WASHINGTON (AP) — The Bush administration announced requirements on Monday to encourage builders to compensate for destroying wetlands or streams by paying to restore or create wetlands elsewhere.
The approach, which emphasizes linking losing and replacing wetlands across broad watersheds, has been contentious since it was proposed two years ago.
“It will accelerate our wetlands conservation effort by establishing a more effective, consistent mitigation process,” said Benjamin H. Grumbles, assistant administrator for water at the environmental agency.
The regulation encourages expanded “mitigation banking,” in which a developer can obtain a permit to destroy a wetland or stream if the developer agrees to invest in creating or enhancing wetland elsewhere. That approach has resulted in new businesses specializing in wetland creation.
Although the regulation establishes standards for lost wetlands, it emphasizes a preference to “bank” alternative wetlands.
Environmentalists worried that the policy could encourage wetlands destruction and overall loss.
“There’s nothing in here that says we’re going to improve mitigation,” Julie Sibbing, a wetlands expert at the National Wildlife Federation, said. “It’s just going to be easier and cheaper. And the cheaper it is to mitigate, the more economic it is to buy land that has wetlands on it and destroy them.”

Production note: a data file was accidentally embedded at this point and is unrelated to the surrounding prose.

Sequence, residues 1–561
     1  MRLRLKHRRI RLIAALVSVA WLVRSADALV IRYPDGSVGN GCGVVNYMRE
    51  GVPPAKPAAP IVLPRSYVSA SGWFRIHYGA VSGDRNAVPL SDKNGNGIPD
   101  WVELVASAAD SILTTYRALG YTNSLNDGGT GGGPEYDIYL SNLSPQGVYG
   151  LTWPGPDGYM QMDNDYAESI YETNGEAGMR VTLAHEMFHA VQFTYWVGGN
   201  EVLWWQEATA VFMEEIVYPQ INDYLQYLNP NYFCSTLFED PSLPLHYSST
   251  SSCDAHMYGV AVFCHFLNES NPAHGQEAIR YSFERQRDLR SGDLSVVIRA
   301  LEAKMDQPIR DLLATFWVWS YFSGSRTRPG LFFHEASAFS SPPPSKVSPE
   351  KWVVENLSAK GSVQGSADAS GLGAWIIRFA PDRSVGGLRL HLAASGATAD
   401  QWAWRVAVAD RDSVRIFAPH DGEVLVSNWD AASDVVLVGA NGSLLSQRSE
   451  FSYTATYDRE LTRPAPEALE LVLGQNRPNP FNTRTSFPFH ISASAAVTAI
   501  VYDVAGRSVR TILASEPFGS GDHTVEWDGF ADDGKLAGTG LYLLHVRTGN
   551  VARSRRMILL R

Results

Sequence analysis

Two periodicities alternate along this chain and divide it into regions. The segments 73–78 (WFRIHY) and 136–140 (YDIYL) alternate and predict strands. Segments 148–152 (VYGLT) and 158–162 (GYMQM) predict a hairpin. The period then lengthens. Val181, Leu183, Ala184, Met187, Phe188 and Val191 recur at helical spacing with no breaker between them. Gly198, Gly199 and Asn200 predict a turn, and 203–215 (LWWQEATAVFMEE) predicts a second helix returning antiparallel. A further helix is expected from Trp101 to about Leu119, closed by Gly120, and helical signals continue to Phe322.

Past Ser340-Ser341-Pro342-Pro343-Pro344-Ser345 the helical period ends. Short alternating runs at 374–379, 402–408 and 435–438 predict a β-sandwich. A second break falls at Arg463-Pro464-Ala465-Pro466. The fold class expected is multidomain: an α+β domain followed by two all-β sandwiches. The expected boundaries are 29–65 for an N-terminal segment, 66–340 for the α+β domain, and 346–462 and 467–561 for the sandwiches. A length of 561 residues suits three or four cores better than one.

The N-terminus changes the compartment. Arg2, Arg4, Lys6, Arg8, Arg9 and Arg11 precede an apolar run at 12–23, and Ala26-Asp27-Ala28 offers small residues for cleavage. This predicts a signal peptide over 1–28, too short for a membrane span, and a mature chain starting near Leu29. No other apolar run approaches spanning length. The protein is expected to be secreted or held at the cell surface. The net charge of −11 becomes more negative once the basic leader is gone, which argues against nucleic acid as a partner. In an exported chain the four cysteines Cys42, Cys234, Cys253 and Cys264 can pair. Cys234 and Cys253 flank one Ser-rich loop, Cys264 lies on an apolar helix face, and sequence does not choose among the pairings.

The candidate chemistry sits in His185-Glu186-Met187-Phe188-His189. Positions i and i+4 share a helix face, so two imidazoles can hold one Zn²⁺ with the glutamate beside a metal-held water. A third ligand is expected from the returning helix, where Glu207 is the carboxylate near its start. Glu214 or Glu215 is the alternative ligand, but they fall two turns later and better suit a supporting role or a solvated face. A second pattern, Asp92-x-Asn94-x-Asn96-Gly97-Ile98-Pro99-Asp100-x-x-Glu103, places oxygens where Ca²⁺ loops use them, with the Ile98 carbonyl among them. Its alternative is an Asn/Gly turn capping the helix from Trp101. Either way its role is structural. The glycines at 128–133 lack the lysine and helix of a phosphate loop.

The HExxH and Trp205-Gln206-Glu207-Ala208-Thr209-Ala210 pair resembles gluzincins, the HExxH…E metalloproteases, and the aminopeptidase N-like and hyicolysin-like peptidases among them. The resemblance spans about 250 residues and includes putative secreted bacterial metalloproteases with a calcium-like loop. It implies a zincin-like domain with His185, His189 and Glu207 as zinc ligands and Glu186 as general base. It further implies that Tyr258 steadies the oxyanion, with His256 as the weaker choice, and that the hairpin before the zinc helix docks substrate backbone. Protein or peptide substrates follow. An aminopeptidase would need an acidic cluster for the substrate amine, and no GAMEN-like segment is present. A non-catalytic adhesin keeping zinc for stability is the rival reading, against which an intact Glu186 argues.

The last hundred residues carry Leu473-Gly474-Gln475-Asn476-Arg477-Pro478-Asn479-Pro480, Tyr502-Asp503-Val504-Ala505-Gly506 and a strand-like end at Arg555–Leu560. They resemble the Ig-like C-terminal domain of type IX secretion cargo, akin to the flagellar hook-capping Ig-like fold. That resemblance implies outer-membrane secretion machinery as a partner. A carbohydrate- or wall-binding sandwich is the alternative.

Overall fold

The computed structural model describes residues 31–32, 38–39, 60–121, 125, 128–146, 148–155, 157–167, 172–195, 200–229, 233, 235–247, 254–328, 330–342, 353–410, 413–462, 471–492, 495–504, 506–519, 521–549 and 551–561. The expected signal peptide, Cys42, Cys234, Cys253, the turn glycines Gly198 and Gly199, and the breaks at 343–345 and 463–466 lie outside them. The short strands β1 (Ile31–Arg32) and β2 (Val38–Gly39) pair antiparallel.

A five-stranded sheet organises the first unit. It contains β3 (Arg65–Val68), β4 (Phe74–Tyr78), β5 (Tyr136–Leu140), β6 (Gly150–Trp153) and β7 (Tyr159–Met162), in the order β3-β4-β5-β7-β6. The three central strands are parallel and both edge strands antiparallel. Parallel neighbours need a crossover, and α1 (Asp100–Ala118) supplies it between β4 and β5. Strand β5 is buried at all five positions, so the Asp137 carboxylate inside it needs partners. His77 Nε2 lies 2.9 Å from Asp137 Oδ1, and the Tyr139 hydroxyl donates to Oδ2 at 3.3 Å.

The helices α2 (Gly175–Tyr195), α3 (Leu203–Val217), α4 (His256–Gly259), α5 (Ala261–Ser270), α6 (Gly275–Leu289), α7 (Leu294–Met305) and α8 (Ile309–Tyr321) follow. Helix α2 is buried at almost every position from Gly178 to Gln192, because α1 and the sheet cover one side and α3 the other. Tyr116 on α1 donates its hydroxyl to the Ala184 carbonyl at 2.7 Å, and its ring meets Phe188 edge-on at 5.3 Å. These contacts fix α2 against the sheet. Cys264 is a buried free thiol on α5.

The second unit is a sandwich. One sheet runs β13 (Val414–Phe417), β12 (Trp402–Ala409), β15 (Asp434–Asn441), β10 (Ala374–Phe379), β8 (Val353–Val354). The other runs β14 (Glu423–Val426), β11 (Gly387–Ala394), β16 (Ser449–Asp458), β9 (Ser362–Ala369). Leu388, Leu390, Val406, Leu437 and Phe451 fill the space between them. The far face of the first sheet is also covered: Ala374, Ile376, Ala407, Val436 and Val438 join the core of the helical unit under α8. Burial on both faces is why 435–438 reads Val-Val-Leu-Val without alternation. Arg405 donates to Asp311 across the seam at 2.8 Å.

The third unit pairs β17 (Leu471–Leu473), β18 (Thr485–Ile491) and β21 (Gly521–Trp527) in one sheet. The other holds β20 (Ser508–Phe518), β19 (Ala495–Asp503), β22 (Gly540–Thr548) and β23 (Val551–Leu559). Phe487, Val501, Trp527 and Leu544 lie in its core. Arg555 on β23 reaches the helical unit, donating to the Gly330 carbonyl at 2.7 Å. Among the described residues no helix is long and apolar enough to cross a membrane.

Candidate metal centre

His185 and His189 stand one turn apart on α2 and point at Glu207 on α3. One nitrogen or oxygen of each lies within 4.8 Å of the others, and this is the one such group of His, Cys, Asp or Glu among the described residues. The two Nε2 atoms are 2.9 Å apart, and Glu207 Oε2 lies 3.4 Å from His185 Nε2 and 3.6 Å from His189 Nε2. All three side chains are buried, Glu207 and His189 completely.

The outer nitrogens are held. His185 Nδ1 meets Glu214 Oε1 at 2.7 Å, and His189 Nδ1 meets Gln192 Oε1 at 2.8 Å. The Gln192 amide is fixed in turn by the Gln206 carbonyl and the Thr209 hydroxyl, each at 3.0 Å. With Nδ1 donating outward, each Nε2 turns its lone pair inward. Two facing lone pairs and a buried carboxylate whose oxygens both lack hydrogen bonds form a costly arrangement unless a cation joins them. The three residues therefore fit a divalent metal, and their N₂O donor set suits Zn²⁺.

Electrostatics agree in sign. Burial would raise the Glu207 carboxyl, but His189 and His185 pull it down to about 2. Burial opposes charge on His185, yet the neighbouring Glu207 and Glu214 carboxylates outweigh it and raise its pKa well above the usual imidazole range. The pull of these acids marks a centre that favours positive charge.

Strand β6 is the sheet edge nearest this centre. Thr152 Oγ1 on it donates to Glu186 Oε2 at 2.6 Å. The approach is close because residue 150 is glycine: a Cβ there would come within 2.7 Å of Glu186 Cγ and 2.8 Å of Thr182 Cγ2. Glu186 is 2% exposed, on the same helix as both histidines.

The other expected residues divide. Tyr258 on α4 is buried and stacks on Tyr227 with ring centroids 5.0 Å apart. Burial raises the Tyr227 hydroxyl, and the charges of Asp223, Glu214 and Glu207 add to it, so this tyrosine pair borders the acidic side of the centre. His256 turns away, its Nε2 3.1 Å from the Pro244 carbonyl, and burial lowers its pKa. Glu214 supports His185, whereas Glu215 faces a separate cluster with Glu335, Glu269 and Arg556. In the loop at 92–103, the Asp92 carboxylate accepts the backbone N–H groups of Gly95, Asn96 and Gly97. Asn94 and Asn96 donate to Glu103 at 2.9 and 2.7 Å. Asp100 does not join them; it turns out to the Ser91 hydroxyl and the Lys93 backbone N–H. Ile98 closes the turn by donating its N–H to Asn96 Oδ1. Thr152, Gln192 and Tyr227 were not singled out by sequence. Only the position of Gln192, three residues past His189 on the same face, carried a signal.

Ms. Sibbing said that mitigation banking was already being used, but that the new rule would make it difficult to argue that a developer should be required to provide on-site preservation.
A wetland often is important to a local ecosystem, and “it doesn’t help to move it 100 miles away,” Ms. Sibbing said.
With the new rule, the business of creating alternative wetlands is likely to prosper. George Howard, who owns a business in that field near Raleigh, N.C., said “the vast amount” of alternative wetlands involved not creating wetlands, but restoring lost wetlands.
The environmental agency and the corps said the rules would increase public participation.